By Emily Flitter
NEW YORK (Reuters) – U.S. Energy Secretary Rick Perry took a chartered jet to Ohio last week, according to an airport management company, the day before fellow Cabinet member Tom Price resigned over his use of private charter flights for government business.
Perry took the private plane from Hazleton Regional Airport in Pennsylvania to the Greater Portsmouth Regional Airport in southern Ohio on Sept. 28, PMH Aviation, the company that runs the Portsmouth airport, said on Wednesday. The purpose of his trip was to visit a uranium facility in Piketon, Ohio, according to the Energy Department.
A receptionist at the company declined to answer questions about the cost of the flight.
The only private jet to land at Greater Portsmouth Regional Airport last Thursday belonged to Dixie Capital Corp, a Richmond, Virginia-based charter company, according to data from the Flightaware website. Dixie confirmed it owned the plane, but declined to comment on Perry or say how much the trip cost.
A spokeswoman for Perry did not immediately respond to a request for comment.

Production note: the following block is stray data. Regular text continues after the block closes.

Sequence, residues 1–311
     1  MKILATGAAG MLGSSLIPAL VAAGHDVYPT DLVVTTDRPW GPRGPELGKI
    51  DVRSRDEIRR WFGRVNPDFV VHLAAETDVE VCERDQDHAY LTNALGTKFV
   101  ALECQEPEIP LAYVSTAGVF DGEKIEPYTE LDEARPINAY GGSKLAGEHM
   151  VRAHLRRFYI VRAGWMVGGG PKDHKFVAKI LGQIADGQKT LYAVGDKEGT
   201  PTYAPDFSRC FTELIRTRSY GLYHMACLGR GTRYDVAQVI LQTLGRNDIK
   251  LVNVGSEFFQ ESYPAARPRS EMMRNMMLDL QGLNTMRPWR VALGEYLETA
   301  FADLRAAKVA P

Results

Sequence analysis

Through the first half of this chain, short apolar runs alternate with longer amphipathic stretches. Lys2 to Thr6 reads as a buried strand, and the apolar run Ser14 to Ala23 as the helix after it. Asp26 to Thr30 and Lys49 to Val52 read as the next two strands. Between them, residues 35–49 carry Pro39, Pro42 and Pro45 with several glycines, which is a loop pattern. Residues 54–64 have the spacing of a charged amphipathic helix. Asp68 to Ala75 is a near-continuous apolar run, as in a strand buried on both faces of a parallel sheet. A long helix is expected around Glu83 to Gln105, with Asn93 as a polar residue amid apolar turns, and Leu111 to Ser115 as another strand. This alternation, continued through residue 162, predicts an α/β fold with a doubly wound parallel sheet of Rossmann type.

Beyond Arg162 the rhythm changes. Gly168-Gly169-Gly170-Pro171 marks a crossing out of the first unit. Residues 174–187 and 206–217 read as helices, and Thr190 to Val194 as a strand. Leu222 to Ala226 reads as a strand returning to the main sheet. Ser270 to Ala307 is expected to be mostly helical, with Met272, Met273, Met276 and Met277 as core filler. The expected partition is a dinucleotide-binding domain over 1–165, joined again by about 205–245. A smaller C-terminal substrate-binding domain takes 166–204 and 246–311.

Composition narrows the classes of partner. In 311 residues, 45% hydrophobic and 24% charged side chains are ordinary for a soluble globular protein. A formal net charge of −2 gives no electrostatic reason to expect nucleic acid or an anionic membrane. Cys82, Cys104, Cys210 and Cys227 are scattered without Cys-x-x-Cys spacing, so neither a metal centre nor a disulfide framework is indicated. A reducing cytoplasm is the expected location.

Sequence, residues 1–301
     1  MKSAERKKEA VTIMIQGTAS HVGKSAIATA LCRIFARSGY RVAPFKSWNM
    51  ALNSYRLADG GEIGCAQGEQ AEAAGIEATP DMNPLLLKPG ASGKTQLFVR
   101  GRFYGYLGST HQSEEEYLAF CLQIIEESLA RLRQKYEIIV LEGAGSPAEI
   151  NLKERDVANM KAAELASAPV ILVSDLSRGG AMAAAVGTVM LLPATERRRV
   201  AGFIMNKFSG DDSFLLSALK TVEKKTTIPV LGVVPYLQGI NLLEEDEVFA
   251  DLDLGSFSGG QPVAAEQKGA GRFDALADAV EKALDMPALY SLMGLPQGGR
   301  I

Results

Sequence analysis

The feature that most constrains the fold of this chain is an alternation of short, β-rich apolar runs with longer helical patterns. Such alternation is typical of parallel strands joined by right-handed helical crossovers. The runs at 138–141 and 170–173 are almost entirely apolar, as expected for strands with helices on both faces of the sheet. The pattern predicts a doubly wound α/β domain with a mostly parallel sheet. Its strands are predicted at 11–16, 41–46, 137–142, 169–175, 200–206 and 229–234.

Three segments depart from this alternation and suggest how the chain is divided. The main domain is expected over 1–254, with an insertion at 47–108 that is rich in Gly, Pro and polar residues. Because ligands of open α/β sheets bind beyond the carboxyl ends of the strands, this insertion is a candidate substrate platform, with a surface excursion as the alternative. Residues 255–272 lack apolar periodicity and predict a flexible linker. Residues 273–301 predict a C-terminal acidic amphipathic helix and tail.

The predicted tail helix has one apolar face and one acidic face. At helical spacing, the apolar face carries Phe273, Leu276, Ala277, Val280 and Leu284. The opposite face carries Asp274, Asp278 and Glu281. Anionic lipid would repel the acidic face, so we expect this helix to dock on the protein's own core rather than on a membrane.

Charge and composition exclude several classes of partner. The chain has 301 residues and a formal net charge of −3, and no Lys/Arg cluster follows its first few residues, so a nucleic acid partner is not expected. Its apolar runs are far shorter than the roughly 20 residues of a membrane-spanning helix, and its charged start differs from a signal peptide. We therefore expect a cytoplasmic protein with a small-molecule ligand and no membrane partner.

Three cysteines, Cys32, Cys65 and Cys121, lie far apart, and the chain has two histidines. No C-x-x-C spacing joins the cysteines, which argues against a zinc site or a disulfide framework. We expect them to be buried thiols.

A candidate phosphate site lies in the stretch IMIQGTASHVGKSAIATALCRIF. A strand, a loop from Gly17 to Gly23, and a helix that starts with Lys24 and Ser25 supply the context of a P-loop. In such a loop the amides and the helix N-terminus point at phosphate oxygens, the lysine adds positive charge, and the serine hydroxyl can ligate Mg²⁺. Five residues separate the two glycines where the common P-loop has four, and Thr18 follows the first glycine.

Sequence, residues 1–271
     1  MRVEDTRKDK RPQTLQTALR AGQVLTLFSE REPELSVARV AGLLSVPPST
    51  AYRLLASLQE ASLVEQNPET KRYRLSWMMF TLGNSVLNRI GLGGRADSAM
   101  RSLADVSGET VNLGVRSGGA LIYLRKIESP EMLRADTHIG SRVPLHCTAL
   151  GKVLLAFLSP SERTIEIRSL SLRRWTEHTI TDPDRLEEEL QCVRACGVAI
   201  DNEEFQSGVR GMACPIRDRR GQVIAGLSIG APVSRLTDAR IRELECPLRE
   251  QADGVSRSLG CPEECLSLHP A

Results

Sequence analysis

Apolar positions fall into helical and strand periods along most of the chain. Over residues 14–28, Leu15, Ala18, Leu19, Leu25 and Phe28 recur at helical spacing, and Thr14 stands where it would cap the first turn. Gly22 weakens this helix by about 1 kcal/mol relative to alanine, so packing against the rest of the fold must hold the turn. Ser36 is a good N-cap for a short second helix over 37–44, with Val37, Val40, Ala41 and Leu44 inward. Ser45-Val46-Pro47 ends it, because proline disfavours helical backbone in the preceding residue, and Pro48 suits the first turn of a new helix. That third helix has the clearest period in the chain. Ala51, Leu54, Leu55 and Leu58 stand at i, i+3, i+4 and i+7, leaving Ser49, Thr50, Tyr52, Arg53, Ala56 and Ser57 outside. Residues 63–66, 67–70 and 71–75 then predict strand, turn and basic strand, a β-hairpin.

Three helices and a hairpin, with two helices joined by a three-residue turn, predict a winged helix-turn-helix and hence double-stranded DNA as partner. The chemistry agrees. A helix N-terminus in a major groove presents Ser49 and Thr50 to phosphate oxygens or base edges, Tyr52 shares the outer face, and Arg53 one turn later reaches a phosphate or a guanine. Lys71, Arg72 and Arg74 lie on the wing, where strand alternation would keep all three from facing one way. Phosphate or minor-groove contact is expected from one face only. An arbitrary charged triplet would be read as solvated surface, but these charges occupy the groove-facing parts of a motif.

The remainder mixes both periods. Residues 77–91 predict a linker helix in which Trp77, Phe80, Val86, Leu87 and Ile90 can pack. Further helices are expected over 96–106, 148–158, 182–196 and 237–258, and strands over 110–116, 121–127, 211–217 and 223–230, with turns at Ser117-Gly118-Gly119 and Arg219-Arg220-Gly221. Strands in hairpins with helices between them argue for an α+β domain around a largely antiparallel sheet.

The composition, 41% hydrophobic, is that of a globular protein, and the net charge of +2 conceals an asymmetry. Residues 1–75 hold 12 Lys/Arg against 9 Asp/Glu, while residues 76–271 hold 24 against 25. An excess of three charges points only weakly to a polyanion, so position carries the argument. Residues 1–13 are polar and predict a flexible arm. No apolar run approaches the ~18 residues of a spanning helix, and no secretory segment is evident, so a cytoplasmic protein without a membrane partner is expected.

Perry was joined in Ohio by U.S. Senator Rob Portman and two U.S. representatives from the state to visit the decommissioned uranium enrichment facility in Piketon, according to a statement last week by the senator’s office. Local officials have been lobbying the government to reopen the facility.
During his stop in Pennsylvania, Perry toured a coal mine.
No commercial airlines serve Hazleton, but airports with commercial routes in Scranton and Allentown, Pennsylvania, are each an hour away.
Price resigned last week as U.S. health and human services secretary and promised to repay the government for some $52,000 worth of travel including private flights, after Politico and other media reported on his use of charters.
On Monday, the watchdog agency overseeing the U.S. Interior Department said it had opened an investigation into the use of charter flights by Interior Secretary Ryan Zinke, who took a recent private flight from Las Vegas to Kalispell, Montana, that cost $12,000.
(Reporting by Emily Flitter; Editing by Peter Cooney)